But it can also be a bit of a frat party, especially when you are thirtieth in line, waiting to sample brews with a group of drunken 21-year-olds wearing pretzel necklaces.
What to do? Well, GABF is always changing, and this year is no exception. Aside from the earlier-than-normal date -- the festival takes place September 16-18 -- here are five new things about the 2010 incarnation:
Support Your Local Brewery Pavilion The festival had a small version of this in 2009, says GABF director Nancy Johnson. "But we are making it the centerpiece of the festival this year. It will be right in the middle of the floor." Details are still being worked out, but the pavilion will feature interactive displays of items used in the brewing process, like malt, hops and a one-barrel brewing system (currently at the Ninkasi Brewing Company in Eugene, Oregon).
Twelve different brewery guilds will be pouring beer and representing their states. "It's sort of the beer tourism area," Johnson says.
New Beer Categories to Try There are four new categories of beer included in the judging this year, bringing the total to 79 (along with a couple dozen sub-categories). To see them all, along with full descriptions, log onto the GABF website here. The new ones are:
American-style India black ale: This style has been gaining in popularity, as more breweries add it to their lineup. Boulder's Twisted Pine Brewing will celebrate its fifteenth anniversary in July with Hoppy Knight India-style Black Ale.
Wood and Barrel Aged Strong Stout: These are the bad boys of beer, potent, powerful and sometimes hard to drink. Some well-known Colorado examples include Great Divide's Oak Aged Yeti Imperial Stout; bourbon barrel-aged Ten FIDY from Oskar Blues and Legend of the Liquid Brain Imperial Stout, which recently won gold at the World Beer Cup for the Bull & Bush Brewery in Denver.
Field Beer: These are beers using vegetables that provide "obvious (ranging from subtle to intense), yet harmonious, qualities," but not including herbal or spice beers, chile beers or pumpkin beers. Examples include, um...well, I can't think of any at the moment.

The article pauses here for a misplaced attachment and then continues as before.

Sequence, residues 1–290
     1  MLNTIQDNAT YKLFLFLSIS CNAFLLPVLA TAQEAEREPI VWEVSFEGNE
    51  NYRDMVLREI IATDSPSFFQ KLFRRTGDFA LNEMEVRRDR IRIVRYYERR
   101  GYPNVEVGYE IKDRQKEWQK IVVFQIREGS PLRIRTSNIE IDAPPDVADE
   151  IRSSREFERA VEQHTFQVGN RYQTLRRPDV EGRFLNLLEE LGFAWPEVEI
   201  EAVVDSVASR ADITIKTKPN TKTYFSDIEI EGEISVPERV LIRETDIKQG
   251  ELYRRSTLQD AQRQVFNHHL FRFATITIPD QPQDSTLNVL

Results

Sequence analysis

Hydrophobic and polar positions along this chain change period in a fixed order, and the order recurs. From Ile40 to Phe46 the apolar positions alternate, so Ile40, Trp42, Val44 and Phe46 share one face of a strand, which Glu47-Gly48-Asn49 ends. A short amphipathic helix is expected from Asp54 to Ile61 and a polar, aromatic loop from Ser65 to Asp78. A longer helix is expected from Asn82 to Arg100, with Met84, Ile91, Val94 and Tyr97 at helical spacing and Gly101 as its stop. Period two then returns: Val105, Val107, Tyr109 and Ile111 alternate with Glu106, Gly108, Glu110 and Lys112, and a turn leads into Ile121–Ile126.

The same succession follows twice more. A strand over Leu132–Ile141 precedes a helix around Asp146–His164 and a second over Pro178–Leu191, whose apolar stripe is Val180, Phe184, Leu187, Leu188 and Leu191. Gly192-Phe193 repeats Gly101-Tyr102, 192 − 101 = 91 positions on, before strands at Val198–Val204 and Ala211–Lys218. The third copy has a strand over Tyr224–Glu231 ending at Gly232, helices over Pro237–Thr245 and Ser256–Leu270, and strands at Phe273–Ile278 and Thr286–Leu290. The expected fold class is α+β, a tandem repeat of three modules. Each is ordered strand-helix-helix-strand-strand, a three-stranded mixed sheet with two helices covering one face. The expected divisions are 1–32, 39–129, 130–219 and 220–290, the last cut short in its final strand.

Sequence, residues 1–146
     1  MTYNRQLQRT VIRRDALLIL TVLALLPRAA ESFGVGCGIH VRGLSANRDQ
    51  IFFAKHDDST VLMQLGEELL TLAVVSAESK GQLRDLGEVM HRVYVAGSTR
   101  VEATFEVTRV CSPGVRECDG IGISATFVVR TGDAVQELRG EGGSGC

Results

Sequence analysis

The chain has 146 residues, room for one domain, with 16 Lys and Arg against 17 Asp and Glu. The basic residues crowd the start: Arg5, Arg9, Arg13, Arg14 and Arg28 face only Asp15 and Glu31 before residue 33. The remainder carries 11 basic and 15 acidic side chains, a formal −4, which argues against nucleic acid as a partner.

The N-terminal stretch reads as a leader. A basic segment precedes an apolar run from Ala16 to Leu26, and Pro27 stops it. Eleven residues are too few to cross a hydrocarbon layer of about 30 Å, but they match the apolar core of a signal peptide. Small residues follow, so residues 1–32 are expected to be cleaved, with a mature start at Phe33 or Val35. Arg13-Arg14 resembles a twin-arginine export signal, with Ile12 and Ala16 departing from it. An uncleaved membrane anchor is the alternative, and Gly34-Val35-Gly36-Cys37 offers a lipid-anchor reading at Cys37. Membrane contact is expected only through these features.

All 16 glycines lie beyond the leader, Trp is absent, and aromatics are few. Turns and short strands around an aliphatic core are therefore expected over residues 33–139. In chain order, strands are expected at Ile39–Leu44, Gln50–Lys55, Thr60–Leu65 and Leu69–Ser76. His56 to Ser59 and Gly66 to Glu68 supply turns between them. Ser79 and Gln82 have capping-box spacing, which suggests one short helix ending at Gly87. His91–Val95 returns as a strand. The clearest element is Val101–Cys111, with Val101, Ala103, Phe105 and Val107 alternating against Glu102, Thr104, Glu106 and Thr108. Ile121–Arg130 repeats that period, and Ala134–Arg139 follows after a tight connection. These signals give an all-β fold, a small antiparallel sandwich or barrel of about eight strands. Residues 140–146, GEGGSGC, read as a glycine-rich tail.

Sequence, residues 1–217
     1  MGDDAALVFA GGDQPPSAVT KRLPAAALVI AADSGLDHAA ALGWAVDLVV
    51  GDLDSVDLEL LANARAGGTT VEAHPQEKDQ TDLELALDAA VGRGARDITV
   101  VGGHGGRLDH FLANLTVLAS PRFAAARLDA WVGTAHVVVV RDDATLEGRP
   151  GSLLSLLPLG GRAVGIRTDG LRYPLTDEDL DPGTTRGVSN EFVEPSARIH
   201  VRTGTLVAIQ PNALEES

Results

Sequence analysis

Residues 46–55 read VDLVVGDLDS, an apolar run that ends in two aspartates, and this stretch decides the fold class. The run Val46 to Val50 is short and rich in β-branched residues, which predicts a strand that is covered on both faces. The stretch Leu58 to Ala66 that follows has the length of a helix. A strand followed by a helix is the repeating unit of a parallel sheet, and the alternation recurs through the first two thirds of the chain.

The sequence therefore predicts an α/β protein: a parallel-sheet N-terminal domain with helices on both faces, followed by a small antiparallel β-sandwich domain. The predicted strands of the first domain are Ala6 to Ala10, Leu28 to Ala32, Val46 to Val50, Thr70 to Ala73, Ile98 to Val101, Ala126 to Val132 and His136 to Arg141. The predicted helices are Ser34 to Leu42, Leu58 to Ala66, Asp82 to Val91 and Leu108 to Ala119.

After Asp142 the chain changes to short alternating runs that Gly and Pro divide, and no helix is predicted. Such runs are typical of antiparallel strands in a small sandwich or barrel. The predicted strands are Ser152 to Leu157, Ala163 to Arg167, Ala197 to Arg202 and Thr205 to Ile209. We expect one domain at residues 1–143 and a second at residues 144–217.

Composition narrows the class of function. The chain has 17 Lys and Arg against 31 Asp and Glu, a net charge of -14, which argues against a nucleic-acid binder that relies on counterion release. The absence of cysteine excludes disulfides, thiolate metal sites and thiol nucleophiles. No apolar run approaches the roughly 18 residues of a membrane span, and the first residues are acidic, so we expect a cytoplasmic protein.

Pumpkin Beer: We all know what these are, and while some of us loathe them and some of us love them, no one can deny how many are released in October. I think I saw at least a dozen on liquor store shelves last year.
IPAs Set a Record There will be more than 150 IPAs competing for awards this year, making the category the largest one ever. On the other end, the smallest category this year will be for Gluten Free Beers, which has sixteen entries.
73 New Breweries The Boulder-based Brewers Association, which produces and hosts GABF, says there will be 73 new breweries pouring suds this year in the hall. Some, like the new Pizza Port location in Ocean Beach, California, are related to regular attendees. Others aren't. A list of the new breweries hasn't been released yet; Westword will post it when it is.
Farm to Table Pavilion The Brewers Association showcased a smaller version of this in 2009 as well. But the pavilion - which requires a special ticket -- will be bigger this year. Here, beers not available elsewhere at the festival will be paired with small plates of food prepared with local ingredients. Chefs, farmers and brewers will talk to attendees.
Follow Westword's Beer Man on Twitter at @ColoBeerMan.